For many people, a good night’s sleep is elusive. However, simple changes to the bedtime routine can yield remarkable results. Dr. Robert S. Rosenberg refers to these protocols as “good sleep hygiene.” Rosenberg focuses solely on sleep disorders, operating a clinic devoted to the issue. He began his medical career in Internal Medicine, and them moved into the pulmonary field. When he was on call at all hours attending critical care patients in the Intensive Care Unit, he learned first hand what irregular sleep patterns could do to general health.
Rosenberg referenced the National Center for Sleep Disorders Research at the National Institutes of Health, which found that approximately 30 to 40 percent of adults say they have some symptoms of insomnia within a given year. About 10 to 15 percent of adults say they have chronic insomnia. He stated that the American Academy of Sleep Medicine, in an article published in the journal Sleep, defined insomnia as difficulty initiating sleep; difficulty maintaining sleep; waking up too early; or feeling sleep is of poor quality. It should be noted that this occurs despite adequate opportunity and circumstances for sleep.
On the amount of approved shut-eye for adults, Rosenberg came in at seven to eight hours. He pointed out that less than six and a half hours can lead to obesity, high blood pressure, heart disease and stroke.
For those having sleep difficulties, Rosenberg gave me a list of behaviors that should be eliminated from daily practice in order to attain good sleeping habits:
Rosenberg suggested Cognitive Behavioral Therapy (CBT) for restructuring thinking, replacing perseverative thoughts with “constructive worrying.” One strategy he suggested was to compile a list of concerns at around 8 p.m.—and then put it away for the evening. Additionally, if fears about not sleeping have created unease, Rosenberg said, “Don’t catastrophize! Don’t blame everything on that and then take it into the bedroom with you.”
For Rosenberg, it’s all about “stimulus control.” The bedroom is a sacrosanct space—for sleep and sex only. That means no reading in bed, no television in the room, and computers and smart phones should never make it past the doorway.
If you are unable to fall asleep within twenty minutes, Rosenberg counsels leaving the bedroom and going into another room. The set-up should be a quiet, low-lighted situation. His recommended activities included meditation and repetitive action endeavors that have a calming quality. Reading non-stimulating materials, crossword puzzles, or sewing were several suggestions. He gave the okay to gentle background music. Rosenberg prefers no television, but if a patient says it relaxes them, he tries not to be dogmatic. When you feel yourself getting groggy (the drive to sleep), he instructs returning to bed for another try.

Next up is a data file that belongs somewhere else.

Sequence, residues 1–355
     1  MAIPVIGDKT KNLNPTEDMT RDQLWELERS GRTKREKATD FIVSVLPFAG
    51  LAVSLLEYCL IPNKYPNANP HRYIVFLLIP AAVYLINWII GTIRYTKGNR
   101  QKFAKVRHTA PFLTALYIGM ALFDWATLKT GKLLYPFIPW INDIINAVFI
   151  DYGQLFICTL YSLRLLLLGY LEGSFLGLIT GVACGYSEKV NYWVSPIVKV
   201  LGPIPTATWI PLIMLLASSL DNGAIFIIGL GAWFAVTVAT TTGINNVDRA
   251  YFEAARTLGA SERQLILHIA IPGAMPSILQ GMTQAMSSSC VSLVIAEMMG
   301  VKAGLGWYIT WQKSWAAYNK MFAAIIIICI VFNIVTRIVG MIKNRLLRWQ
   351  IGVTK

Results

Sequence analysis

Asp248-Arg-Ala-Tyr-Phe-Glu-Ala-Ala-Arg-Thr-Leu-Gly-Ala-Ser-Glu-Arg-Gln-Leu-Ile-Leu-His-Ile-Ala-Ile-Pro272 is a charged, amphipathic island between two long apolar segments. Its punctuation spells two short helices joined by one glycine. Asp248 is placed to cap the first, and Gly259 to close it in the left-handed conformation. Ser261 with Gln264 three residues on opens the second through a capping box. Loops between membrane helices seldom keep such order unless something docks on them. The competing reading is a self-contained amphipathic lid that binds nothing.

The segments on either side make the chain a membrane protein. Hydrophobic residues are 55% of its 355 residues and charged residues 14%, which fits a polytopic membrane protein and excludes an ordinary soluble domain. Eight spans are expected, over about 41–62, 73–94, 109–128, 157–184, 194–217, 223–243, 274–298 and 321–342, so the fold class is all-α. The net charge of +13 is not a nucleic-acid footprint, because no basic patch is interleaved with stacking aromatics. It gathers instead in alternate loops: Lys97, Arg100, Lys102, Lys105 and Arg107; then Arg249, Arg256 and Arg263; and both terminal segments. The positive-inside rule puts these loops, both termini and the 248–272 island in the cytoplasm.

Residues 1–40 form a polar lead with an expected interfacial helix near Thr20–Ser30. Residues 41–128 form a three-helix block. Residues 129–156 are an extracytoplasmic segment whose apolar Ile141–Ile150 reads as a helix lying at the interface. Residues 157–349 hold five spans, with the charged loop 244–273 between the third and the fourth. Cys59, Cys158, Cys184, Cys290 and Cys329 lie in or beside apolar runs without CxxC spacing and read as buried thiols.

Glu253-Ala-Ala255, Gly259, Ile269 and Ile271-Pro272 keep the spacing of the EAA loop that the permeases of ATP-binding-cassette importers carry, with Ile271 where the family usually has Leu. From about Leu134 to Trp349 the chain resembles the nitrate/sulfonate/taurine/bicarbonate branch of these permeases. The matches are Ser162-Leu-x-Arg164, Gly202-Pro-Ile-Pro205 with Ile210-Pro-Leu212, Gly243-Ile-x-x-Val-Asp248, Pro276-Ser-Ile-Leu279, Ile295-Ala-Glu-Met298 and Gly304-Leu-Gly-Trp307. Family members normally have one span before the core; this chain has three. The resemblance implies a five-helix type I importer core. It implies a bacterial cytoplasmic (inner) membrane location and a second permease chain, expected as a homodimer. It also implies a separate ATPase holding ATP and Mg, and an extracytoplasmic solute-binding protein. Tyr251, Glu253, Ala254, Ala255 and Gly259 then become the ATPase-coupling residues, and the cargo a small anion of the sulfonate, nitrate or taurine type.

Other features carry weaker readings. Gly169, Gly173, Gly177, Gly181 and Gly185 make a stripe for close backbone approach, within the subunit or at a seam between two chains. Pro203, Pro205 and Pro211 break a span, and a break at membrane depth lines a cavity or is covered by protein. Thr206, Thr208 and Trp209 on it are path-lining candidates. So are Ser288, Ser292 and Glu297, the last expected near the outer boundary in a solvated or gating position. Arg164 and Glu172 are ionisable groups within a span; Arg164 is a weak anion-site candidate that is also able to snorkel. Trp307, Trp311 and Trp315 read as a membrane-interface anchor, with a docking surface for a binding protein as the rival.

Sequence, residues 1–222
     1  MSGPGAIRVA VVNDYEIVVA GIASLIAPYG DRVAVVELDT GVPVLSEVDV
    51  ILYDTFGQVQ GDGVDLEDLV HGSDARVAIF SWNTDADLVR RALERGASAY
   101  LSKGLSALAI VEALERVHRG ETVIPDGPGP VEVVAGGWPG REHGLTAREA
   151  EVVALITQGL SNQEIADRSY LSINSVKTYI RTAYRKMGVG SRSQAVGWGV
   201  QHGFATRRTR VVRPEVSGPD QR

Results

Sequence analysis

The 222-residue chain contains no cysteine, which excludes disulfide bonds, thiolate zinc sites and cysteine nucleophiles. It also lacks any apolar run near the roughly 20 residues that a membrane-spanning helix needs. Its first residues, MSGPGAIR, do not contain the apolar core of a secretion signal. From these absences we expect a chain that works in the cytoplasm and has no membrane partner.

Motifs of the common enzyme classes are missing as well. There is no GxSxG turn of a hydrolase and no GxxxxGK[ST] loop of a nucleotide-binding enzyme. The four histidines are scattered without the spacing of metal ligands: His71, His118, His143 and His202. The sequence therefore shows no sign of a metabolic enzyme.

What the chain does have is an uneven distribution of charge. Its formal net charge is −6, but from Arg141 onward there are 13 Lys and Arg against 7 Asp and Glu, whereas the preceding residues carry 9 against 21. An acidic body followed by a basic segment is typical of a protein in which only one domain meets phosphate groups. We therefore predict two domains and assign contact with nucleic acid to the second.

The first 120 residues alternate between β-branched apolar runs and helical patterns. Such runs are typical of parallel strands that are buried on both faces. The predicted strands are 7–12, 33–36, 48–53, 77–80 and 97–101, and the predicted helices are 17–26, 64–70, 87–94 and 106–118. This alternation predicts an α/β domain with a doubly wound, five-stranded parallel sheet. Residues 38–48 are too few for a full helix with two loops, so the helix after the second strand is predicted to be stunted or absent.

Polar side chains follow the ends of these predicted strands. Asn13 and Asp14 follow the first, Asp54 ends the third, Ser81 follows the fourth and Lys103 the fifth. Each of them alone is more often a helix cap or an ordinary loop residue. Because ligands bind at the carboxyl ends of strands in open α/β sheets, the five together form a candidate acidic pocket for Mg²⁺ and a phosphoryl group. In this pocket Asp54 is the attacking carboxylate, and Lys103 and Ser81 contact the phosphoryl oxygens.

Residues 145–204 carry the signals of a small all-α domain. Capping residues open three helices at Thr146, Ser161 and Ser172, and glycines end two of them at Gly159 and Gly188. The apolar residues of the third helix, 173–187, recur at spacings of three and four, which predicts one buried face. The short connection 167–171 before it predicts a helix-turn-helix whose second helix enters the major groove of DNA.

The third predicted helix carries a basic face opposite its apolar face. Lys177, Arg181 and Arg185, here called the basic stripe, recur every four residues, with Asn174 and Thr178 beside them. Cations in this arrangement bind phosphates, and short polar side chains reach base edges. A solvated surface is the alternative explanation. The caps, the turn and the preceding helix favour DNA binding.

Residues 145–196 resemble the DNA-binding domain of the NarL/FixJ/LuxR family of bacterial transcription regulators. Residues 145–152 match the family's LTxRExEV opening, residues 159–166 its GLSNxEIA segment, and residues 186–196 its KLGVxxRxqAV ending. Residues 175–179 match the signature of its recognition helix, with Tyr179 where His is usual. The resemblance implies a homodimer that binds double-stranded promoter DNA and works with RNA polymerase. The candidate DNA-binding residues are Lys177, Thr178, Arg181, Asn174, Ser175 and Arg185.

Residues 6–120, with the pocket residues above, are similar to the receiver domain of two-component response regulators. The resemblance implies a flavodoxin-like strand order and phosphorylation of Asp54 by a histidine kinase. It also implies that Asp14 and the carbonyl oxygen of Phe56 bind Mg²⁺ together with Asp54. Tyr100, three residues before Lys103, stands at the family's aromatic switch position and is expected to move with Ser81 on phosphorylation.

One of the natural approaches that Rosenberg mentioned, to get the sleep cycle on schedule, was to take 1 mg of plant melatonin two hours before the desired bedtime. Another strategy was to get a dose of “bright sunlight” in the morning, a cue for the circadian clock.
I questioned Rosenberg specifically about how sleep concerns impact women throughout the different phases of life. He noted that in high school, both sexes require nine hours of sleep. If a young woman goes to college, this can be where a circadian disorder originates. A delayed sleep syndrome can result as bedtimes are pushed to later hours due to studying and social life. Biologically, Premenstrual Syndrome (PMS) can also play a role. He used the phrase “sleep debt” to describe the catch up sleep that students often engage in on weekends.
During pregnancy, it is common for women to have insomnia during the first and third trimesters. Post-partum caring for an infant can leave a woman with no regulated sleep-wake schedule for six months. After menopause, sleep apnea is more likely to occur because there is a loss of progesterone and estrogen, which decreases the drive to breathe. Before menopause, those hormones had been had been protecting the airways from collapse during sleep.
Women report anxiety and depression at twice the rate as men. Therefore, they have a higher rate of insomnia because mood disorders are the major cause of insomnia. It is important to understand that mood disorders frequently present as a comorbid of insomnia, and must therefore be addressed.
During a personal crisis, periods of life change, or even the holiday season, anyone can experience transient “acute adjustment insomnia.” Rosenberg clarified, “In adjustment insomnia, the insomnia develops abruptly due to an event and usually resolves within a month. When the symptoms of insomnia persist beyond three months, it is then reclassified as chronic.”
Rosenberg was emphatic that it was important to remember, “We spend one-third of our lives in sleep.” He continued, “Increased understanding of the importance of sleep will result in improved quality and duration of life. It is imperative for people to appreciate how much sleep impacts their health.”
This article originally appeared on the women’s health site EmpowHER